With the advent of modern psychoanalysis, it’s become popular to evaluate the psyches of famous historical figures: people like Alexander the Great, Moses, Nero, and others. One of the favorite targets of study is Martin Luther. Erik Erikson, for example, emphasized that Martin Luther was not only neurotic, but psychotic as well. This accusation implies that one of our great heroes of the faith is one whose sanity is seriously questioned.
Why do some thinkers come to the conclusion that Martin Luther was a madman? To be fair, even a cursory glance at the readings of Luther reveal a man of tempestuous spirit, personal intensity, and profound passion. There are certain events in his life that seem not only strange, but at times even bizarre. We can understand, to some degree, why some people think Luther might not have been sane.
We know Luther was preoccupied with a foreboding sense of his own death, having predicted it at least six times falsely. We know also that Luther went through several peculiar episodes, such as his being knocked from his horse by lightning, which led him to become a monk. Some think this episode explains his neurosis or psychosis. We also know the story of his pilgrimage to Rome and his going through emotional turmoil in climbing the stairs of the Scala Sancta on his knees. We know of first experience in celebrating the Mass. When he came to the part when he had to say, “Hoc est corpus meum,” the words lodged in his throat. There was an awkward silence as his family and friends waited. Luther stood there quivering, unable to complete the saying. He was terrified of the thought that he was holding in his hands the transubstantiated body and blood of Christ. A strange experience indeed for a man of great poise and presence—but not enough to deem him insane.
Luther was also obstinate and single-minded in his debates with Johann Eck and Thomas Cajetan. These debates led to the confrontation at Worms, where Luther dared to defy the church on a major point of doctrine. We know how Hollywood portrays Luther’s stance at Worms. When he’s called upon to recant, Luther stands with his chest out and says: “Unless I am convinced by sacred Scripture or by evident reason, I shall not recant. For my conscience is held captive by the Word of God, and to act against conscience is neither right nor safe. Here I stand, I can do no other. God help me.” He then jumps on his horse and rides off to start the Reformation.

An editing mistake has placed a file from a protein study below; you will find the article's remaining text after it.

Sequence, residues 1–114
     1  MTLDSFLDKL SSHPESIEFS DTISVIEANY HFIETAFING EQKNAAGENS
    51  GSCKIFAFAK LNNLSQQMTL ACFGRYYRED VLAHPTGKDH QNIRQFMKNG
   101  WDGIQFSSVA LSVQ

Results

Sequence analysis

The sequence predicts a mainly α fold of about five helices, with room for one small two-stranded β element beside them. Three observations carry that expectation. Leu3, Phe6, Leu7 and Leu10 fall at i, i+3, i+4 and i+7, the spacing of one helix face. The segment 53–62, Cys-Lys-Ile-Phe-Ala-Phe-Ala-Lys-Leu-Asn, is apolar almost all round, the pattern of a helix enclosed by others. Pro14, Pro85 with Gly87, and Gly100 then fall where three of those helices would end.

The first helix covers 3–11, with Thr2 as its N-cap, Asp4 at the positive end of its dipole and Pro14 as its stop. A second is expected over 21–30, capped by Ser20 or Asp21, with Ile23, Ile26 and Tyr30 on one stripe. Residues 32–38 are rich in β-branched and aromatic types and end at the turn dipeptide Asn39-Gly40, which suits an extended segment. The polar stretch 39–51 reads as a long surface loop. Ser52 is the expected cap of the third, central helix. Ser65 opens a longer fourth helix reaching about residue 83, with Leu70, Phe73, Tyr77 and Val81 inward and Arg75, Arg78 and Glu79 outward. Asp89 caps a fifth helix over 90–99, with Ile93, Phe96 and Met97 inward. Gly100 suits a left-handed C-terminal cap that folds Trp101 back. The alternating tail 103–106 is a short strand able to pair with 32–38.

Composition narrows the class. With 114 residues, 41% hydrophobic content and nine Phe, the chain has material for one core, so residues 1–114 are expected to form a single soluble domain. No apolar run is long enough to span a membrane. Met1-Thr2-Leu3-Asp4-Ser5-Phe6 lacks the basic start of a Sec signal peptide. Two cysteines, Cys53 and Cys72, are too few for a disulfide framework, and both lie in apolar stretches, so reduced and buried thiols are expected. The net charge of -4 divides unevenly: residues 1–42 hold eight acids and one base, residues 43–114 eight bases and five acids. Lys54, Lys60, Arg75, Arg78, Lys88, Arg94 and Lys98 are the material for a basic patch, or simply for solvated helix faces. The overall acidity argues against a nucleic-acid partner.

Perhaps it happened like that, but have you ever read the prayer Luther wrote the night before that meeting? Do you remember what happened in his first encounter before the princes of the church and of the state? When they asked him to recant, he stood there meekly. He looked at the princes, and he said in a hesitant voice, “Could I have twenty-four hours to think it over?” They granted him this time. He went back to the privacy of his own chambers, and he composed a prayer. If ever a man was broken before God and experienced a sense of utter helplessness and loneliness against the forces of this world, it was Luther at that moment.
But even that moment isn’t why people think he was crazy. The biggest reason for questioning Luther’s sanity has to do with his period of intense scrupulosity in the confessional. It was customary and required of the young monks of the monastery to go through daily confession. As a matter of prescribed procedure, the monks would come into the confessional in the morning, and they would confess the sins of the last twenty-four hours, receive the absolution of the priest, and go about the day’s labors. This would typically take each monk two or three minutes.
Not Luther. He would go into the confessional and recite the previous day’s sins not for five minutes, but for two hours, three hours, sometimes even four hours—reciting in detail every sin he could remember. Luther felt the imminent wrath and judgment of God. If it was crazy to feel this imminence, then Luther was undoubtedly a crazy man. He would come back from the confessional tormented after spending hours confessing his sins. As soon as he got back to his room, he would remember a sin he had forgotten to confess. This is a neurotic preoccupation with guilt, and so they say Luther was crazy. But was he really?
One of the things about Luther that’s often overlooked is that before the episode of his being knocked from his horse, Luther had already distinguished himself as one of the most brilliant students of law in all of Europe. His father was furious when Luther left a promising career in law to waste his life on religion. The keen analytical ability of Luther’s mind in understanding the demands of law were applied to Scripture.
Luther’s logic worked like this: “If the great commandment is to love God with all of your heart, mind, soul, and strength, and your neighbor as much as yourself, then what’s the great transgression? The failure to love God with all of your heart, mind, soul, and to love every human being in this world as much as you love yourself. To fail to do that is to commit an act of cosmic treason against the Lord God Almighty. That’s not a peccadillo. That’s enough to send me to hell forever, and so I tremble with every slightest act that transgresses the holiness of God and the sanctity of those who are created in His image.”